Posted by: oikosasa | November 26, 2013

The importance of territorial behavior in ecological networks

To eat or to be eaten-  that’s not always what matters. The importance of non-trophic interactions, such as territorial behavior, in ecological networks, communities and ecosystem studies is dealt with in the new Early View paper “Territorial ants depress plant growth through cascading non-trophic effects in an alpine meadow” by Chuan Zhao and colleagues. Below, you find a summary of the study:

All species are embedded in ecological networks, which are composed of both trophic and non-trophic interactions.  Trophic interactions are well recognized as a major force structuring ecological communities and regulating ecosystem functions.  Meanwhile, although non-trophic territorial interactions between animals have long fascinated behavioral ecologists, their potentially cascading ecosystem-level effects have been largely overlooked.

815d815a

In our manuscript, we provide one of the first demonstrations of a cascading effect of territorial interactions and, to our knowledge, the very first within the context of a detritus food web. Specifically, in a Tibetan alpine meadow, we experimentally investigated the non-trophic interaction between territorial ants and members of a dung decomposer community, as well as the ecosystem consequences of this interaction. We discovered that ants significantly decreased the abundance of coprophagous beetles and hence triggered a cascade whereby dung removal rates and soil nitrogen concentrations were reduced, ultimately decreasing aboveground plant biomass.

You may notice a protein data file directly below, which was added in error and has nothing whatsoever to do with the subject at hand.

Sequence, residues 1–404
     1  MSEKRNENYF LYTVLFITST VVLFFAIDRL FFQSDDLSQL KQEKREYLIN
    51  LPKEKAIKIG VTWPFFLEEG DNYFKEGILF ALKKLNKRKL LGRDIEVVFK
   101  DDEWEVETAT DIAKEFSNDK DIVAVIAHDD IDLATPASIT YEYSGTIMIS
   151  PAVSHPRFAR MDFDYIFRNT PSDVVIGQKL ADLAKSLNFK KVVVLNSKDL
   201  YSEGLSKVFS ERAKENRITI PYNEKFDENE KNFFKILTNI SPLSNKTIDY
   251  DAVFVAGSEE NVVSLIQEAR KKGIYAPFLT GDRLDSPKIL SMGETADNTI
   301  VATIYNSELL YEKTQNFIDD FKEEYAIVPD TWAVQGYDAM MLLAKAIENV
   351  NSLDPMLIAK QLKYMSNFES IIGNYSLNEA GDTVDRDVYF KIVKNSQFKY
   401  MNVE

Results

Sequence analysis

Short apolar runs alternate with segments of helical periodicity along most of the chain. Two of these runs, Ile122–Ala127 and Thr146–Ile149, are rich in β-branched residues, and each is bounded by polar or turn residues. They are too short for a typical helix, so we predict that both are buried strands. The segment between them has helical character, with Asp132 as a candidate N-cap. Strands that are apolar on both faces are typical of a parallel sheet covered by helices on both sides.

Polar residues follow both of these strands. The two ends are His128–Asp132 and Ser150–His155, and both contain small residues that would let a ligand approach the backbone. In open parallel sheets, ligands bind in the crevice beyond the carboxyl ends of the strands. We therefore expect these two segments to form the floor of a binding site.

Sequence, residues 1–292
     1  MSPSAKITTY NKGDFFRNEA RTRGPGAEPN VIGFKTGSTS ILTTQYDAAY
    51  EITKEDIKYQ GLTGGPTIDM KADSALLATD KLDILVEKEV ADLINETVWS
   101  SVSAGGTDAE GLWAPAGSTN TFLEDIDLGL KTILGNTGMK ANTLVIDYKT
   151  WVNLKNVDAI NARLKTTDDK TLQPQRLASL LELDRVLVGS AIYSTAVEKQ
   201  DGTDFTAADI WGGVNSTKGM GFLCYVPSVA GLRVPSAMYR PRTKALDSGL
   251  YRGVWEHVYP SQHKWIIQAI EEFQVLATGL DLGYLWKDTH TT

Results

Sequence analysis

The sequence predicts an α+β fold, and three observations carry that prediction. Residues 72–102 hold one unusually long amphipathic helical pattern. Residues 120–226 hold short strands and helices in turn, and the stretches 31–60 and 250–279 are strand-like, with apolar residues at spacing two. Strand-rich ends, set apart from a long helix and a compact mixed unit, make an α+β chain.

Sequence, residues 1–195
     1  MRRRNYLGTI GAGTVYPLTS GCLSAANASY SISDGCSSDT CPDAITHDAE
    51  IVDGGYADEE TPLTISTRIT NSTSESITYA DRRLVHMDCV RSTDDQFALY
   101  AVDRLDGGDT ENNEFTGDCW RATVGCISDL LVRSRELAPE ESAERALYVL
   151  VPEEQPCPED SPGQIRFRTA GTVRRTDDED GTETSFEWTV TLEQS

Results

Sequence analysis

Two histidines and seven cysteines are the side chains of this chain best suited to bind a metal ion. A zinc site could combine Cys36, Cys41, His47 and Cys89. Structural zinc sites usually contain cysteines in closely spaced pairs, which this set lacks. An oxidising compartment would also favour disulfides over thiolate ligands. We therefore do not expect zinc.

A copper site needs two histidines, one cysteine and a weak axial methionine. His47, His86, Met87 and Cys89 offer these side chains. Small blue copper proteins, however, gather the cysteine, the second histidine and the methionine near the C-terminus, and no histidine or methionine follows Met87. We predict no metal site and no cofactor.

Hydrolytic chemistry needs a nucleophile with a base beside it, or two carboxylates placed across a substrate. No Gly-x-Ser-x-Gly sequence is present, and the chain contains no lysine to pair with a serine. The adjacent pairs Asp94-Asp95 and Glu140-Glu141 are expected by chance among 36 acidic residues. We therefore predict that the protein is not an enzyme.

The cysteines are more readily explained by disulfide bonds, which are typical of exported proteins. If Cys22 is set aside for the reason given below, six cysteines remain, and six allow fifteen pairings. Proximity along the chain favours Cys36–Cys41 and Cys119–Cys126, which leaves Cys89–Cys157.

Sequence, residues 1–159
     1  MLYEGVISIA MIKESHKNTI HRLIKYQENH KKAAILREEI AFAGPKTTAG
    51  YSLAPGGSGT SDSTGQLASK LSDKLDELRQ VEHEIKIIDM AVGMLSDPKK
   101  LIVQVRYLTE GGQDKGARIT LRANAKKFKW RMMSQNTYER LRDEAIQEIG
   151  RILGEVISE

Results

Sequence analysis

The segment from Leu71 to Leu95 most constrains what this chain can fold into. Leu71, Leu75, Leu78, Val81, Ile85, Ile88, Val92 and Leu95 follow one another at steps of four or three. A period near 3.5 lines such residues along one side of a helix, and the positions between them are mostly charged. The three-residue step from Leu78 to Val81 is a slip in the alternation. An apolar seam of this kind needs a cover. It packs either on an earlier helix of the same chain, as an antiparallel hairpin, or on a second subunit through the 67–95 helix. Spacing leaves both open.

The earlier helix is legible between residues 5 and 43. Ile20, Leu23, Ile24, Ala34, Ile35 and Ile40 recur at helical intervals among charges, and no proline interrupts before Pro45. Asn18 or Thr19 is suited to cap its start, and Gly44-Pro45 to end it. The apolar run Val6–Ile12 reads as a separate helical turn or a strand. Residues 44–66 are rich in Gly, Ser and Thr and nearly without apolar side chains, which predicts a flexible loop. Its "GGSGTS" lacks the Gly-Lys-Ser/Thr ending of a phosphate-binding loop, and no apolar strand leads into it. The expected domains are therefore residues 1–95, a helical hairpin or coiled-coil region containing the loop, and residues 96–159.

815c

               815b

Our results show that animal territorial behavior, which is pervasive across animal taxa and ecosystems, can have strong cascading effects and therefore should be explicitly considered in models and experiments linking community structure and ecosystem functioning. Moreover, the results reveal a mechanism through which non-trophic interactions can link animals that do not otherwise interact through more widely studied forms (competition, predation or facilitation).

Advertisements

Leave a Reply

Fill in your details below or click an icon to log in:

WordPress.com Logo

You are commenting using your WordPress.com account. Log Out / Change )

Twitter picture

You are commenting using your Twitter account. Log Out / Change )

Facebook photo

You are commenting using your Facebook account. Log Out / Change )

Google+ photo

You are commenting using your Google+ account. Log Out / Change )

Connecting to %s

Categories

%d bloggers like this: